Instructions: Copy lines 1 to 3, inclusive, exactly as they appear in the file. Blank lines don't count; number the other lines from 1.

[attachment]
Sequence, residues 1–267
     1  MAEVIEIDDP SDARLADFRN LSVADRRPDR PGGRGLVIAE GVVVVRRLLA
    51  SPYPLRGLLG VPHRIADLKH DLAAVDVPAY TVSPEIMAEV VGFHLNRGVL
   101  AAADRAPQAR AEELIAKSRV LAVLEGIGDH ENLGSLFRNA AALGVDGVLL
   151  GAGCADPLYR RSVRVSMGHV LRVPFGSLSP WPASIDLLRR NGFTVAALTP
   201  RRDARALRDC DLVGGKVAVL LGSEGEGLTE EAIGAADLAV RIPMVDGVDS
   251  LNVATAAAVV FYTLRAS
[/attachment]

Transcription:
Sequence, residues 1–267
     1  MAEVIEIDDP SDARLADFRN LSVADRRPDR PGGRGLVIAE GVVVVRRLLA
    51  SPYPLRGLLG VPHRIADLKH DLAAVDVPAY TVSPEIMAEV VGFHLNRGVL